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Format: Audio CD Verified Purchase
To my ear this is jazz at it's very best. Roberta's voice makes me tingle all over, and as I am a jazz musician myself, I find the arrangements really inspiring.
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Most Helpful Customer Reviews on (beta) 16 reviews
13 of 15 people found the following review helpful
This Generation's Ella Fitzgerald 26 Sept. 2009
By Rick Cornell - Published on
Format: Audio CD
First, allow me to say that I agree with all of the 4-star reviews below (particularly Mr. Chell's). I'm at 4 and 1/2, and I've decided to up my rating to 5 rather than reduce it to 4, for this reason:

Ms. Gambarini's initial release 3 years ago, "Easy to Love," was one of the finest debut recordings in history. In particular, her versions of "Sunny Side of the Street" and "Multi-Colored Blue" were hair-raisingly sensational. I agree that nothing on this c.d. approaches the heights of those two songs.

However, as I have listened to this c.d. repeatedly, I am struck by the conclusion that Roberta Gambarini, with this recording, has firmly secured her status as this generation's answer to Ella Fitzgerald. In fact, the comparison is overt.

Listen to how she whips and scats in "Day In Day Out," "That Old Black Magic," and "From This Moment On," for example. How can you not miss the influence of Ella in these cuts?

Or check out her work on "You Must Believe in Spring" and on the Beatles medley ("Golden Slumbers/Here There and Everywhere," done as a quick-step waltz). The balladization again is stunningly reminiscent of Ella.

And then there's "You Ain't Nothin' But a JAMF." (A Johnny Griffin tune, wherein I assume the "J" stands for Jive and the "M" for Mother, and you can figure out the rest....) Jimmy Witherspoon once said of Ella Fitzgerald, "You can tune a tuning fork by Ella, but she can't sing the blues." Ditto for Roberta Gambarini. Like Ms. Fitzgerald, her intonation and purity of straight-toned sound throughout both of her singing ranges are flawless and non-pareil; but blues or blues-based tunes will never be her signatures.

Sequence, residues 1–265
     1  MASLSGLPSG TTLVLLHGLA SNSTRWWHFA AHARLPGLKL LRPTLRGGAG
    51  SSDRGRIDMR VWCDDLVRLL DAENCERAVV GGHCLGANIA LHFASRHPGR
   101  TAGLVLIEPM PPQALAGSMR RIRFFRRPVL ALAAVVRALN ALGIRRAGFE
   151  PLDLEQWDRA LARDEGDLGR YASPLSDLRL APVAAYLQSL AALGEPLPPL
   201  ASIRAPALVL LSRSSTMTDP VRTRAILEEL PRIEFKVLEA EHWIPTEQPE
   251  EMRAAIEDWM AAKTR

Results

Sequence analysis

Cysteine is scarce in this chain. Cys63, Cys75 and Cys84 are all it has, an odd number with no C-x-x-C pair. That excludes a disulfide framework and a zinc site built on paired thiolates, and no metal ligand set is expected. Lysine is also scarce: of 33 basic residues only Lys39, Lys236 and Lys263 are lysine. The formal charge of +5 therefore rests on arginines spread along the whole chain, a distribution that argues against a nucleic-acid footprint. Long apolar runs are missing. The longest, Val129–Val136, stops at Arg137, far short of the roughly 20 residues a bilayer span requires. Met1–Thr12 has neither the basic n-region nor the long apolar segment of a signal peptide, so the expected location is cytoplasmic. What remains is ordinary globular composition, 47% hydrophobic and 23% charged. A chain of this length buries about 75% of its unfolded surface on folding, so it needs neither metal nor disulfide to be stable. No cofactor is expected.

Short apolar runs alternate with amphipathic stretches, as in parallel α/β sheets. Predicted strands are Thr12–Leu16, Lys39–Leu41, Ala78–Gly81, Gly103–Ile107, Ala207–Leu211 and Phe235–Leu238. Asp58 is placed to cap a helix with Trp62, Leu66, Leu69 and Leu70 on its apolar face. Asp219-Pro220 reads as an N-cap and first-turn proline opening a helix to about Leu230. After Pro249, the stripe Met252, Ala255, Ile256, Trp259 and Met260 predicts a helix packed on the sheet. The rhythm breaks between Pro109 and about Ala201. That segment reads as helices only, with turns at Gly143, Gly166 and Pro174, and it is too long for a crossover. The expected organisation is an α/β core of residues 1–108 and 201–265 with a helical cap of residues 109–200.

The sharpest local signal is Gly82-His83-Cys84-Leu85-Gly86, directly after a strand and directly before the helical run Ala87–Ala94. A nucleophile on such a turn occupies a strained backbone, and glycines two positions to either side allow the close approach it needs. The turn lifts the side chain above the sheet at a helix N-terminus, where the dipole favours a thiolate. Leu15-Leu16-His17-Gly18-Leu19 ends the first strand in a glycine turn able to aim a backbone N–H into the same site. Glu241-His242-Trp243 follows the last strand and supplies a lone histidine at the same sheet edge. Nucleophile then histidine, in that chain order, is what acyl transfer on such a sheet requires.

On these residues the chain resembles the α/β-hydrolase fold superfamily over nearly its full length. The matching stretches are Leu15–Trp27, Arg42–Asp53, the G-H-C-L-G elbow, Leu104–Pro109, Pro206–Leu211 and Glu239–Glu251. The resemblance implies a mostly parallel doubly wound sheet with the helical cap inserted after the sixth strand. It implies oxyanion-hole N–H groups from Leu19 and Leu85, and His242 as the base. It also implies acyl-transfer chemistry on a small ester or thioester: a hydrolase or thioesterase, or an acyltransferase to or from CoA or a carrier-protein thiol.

This c.d., as well as the later-released but in fact first recording with Hank Jones, firmly plants Roberta Gambarini in my mind as this generation's answer to Ella Fitzgerald, more than any other contemporary singer. And for that, I give her 5 stars.

But I promise to be pickier on the next release. No "Songbook" recordings, now, Roberta, you hear?! RC
4 of 5 people found the following review helpful
another well-done Gambarini sound show 6 Sept. 2009
By abcde - Published on
Format: Audio CD Verified Purchase
Roberta again shines on this CD: her voice is strong, smooth, and dripping with feeling. And, the sterling side-players are equally compelling; indeed, they play with admirable restraint in order to allow Roberta to remain front and center. To my mind, the song selection leaves a bit to be desired: too many of these songs are long-time staples, and it may be that, like me, you are somewhat tired of them. (And, I was disappointed to hear the "I" at the end of "Over the Rainbow" seem to morph into a different sound.) But fans of glorious jazz singing should surely have no hesitation about this CD.
1 of 1 people found the following review helpful
Ella and Sarah rolled into one 13 July 2011
By Sebastian Giacco - Published on
Format: Audio CD Verified Purchase
A great recording by an individual who was born fifty years too late. A great voice, great diction, great jazz feel. A beautiful solo by Roy Hargrove on "Crazy".
All in all, a most satisfying listen.
1 of 1 people found the following review helpful
So much to love in "So In Love" . . . 27 Mar. 2011
By Rocky Mountain Jazz Fan - Published on
Format: Audio CD Verified Purchase
One of the most refreshing aspects of jazz in the last 10-15 years has been the ascent of a number of very fine female jazz vocalists--singers such as Tierney Sutton, Stacey Kent, Sara Gazarek, Carol Welsman and Nikki Yanofsky. And, Roberta Gambarini. To compare these singers to one another isn't really fair--each has her own style and each is at a different point on her career journey, but Ms. Gambarini certainly belongs on the "short list" of best female jazz singers working today--she has all the tools in the toolbox.